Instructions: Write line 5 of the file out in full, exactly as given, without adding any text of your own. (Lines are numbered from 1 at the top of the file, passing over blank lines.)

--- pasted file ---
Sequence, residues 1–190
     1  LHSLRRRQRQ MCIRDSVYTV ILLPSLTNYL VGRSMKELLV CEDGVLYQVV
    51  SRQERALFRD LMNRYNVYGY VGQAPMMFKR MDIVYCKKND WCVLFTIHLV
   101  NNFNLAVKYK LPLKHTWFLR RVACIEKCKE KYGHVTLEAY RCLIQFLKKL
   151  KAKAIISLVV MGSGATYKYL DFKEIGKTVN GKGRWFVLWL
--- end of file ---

   151  KAKAIISLVV MGSGATYKYL DFKEIGKTVN GKGRWFVLWL